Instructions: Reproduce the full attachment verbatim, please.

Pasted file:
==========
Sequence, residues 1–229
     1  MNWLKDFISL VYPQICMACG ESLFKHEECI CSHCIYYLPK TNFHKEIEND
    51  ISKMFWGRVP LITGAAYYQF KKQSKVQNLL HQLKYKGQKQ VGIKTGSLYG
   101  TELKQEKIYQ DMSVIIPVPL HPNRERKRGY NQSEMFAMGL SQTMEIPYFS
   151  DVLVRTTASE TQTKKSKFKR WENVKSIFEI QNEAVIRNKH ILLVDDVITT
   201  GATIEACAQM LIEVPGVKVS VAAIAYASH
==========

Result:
Sequence, residues 1–229
     1  MNWLKDFISL VYPQICMACG ESLFKHEECI CSHCIYYLPK TNFHKEIEND
    51  ISKMFWGRVP LITGAAYYQF KKQSKVQNLL HQLKYKGQKQ VGIKTGSLYG
   101  TELKQEKIYQ DMSVIIPVPL HPNRERKRGY NQSEMFAMGL SQTMEIPYFS
   151  DVLVRTTASE TQTKKSKFKR WENVKSIFEI QNEAVIRNKH ILLVDDVITT
   201  GATIEACAQM LIEVPGVKVS VAAIAYASH